The same day, a Rossiya Airlines Airbus A319 flying to St. Petersburg lost cabin pressure and began to fall from the sky shortly after takeoff from Mineralnye Vody. The pilots made an emergency landing, Russian Telegram channels reported, and video from inside the cabin showed passengers screaming and crying as oxygen masks deployed from the ceiling.
On Dec. 11, a Utair flight made an emergency landing because of a wing flap failure while carrying 104 passengers and 42 pounds of a radioactive substance, Russian media reported. A Utair plane flying from Moscow to Kogalym in the Khanty-Mansi region of Siberia signaled an emergency because of engine failure on Dec. 29.
Also in December, Russia’s main carrier, Aeroflot, experienced a string of emergencies: an Airbus A321 with left engine failure; another Airbus 321 with an air conditioning problem; two Boeing 737s with landing gear failures; a Boeing 737 with a wing flap failure; and a Boeing 777 with smoke in the cabin due to a short circuit. Multiple other failures led to long delays and stranded passengers.
Other airlines have experienced severe engine vibrations, sudden engine shutdowns, and failures with hydraulic systems, wing flaps, steering systems, autopilot and oil filters, among other problems.
After President Vladimir Putin invaded Ukraine in 2022, Western nations put sanctions on Russian aviation, banning the transfer of technology and spare parts, as well as servicing, insurance or software updates for Russia’s large fleet of Western planes.
More than a year ago, in September 2022, the International Civil Aviation Organization red-flagged Russian aviation, citing significant concerns about the country’s ability to maintain the safety of its aircraft.
Russian aviation officials, however, have adopted an “everything is fine” mantra, insisting that sanctions do not affect safety and, in some cases, denying media reports about increased air incidents.
“Logistic chains are available to domestic airlines, thanks to which they receive the required spare parts and components for the normal operation of aircraft,” Mikhail Vasilenkovf the Federal Air Transport Agency said in a December statement.
The agency reported 400 civil aviation incidents due to serious equipment malfunctions from January to November last year, claiming this as good news because of a 2 percent decrease from the same period in 2022, the first year of sanctions.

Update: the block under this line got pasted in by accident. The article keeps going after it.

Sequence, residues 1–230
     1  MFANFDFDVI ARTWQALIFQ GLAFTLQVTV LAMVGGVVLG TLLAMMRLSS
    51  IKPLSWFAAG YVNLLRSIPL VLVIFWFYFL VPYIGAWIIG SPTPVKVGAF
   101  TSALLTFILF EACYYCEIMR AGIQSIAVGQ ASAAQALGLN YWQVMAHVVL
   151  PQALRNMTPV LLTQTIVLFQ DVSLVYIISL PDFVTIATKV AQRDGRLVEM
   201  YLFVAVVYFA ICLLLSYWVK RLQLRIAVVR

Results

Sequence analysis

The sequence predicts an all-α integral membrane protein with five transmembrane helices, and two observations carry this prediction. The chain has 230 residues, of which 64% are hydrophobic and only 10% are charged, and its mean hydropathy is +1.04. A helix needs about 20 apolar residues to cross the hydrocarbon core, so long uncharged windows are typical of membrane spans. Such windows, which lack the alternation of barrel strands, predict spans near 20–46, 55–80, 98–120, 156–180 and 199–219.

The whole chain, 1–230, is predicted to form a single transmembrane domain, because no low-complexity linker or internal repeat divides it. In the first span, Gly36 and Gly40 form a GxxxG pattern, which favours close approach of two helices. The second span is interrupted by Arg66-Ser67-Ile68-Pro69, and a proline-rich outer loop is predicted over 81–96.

But in a December opinion article in Kommersant, a leading newspaper, Oleg Panteleyev, director of Aviaport, a Russian aviation think tank, said the risks had “increased exponentially,” adding that there had been a sharp reduction in technical inspections.
Some Russian aviation analysts have joined the government in seeking to minimize the growing danger, while others say it is only a matter of time before there is a major catastrophe.
“Of course sanctions affect flight safety,” said Russian aviation analyst Andrei Menshenin in an interview. “They can’t not affect it.” But he said Russian airlines had softened the impact by importing spare parts and even fully reconditioned engines through Central Asia, Turkey, Singapore, Iran and other countries. “The question is, what does it cost? It costs a lot.”
“The situation with flight safety in Russian aviation is much better than was expected and much better than what was predicted at the beginning of 2022,” Menshenin added. Still, he conceded that Russian pilots in some cases have come under intense pressure, as they face life-or-death decisions when equipment fails.
Andrei Patrakov, an independent Russian aviation safety expert and head of RunAvia, a company specializing in drone and aircraft safety, said in an interview that Russian authorities are letting airlines use parts well beyond their serviceable life, leading to midair failures.
Patrakov said he fears reprisals from Russian authorities for discussing the dangers but felt obliged to speak out.